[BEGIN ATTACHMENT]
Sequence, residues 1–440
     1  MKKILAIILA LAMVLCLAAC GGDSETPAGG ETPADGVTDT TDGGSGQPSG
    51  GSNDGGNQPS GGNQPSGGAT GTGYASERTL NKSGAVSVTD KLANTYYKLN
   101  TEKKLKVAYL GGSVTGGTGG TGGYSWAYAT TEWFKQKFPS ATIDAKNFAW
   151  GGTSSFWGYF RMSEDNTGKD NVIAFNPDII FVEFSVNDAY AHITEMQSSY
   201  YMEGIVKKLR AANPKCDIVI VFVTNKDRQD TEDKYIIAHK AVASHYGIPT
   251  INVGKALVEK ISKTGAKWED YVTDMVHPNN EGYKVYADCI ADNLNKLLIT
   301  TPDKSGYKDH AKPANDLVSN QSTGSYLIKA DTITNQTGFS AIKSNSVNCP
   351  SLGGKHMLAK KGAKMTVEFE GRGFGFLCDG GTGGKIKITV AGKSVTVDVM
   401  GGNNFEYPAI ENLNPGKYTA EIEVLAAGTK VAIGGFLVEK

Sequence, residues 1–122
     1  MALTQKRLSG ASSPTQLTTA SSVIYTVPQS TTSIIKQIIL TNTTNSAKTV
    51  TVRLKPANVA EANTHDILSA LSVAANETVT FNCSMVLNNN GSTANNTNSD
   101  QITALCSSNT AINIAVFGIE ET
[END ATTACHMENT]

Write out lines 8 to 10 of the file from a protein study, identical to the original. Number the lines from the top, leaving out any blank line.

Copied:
   301  TPDKSGYKDH AKPANDLVSN QSTGSYLIKA DTITNQTGFS AIKSNSVNCP
   351  SLGGKHMLAK KGAKMTVEFE GRGFGFLCDG GTGGKIKITV AGKSVTVDVM
   401  GGNNFEYPAI ENLNPGKYTA EIEVLAAGTK VAIGGFLVEK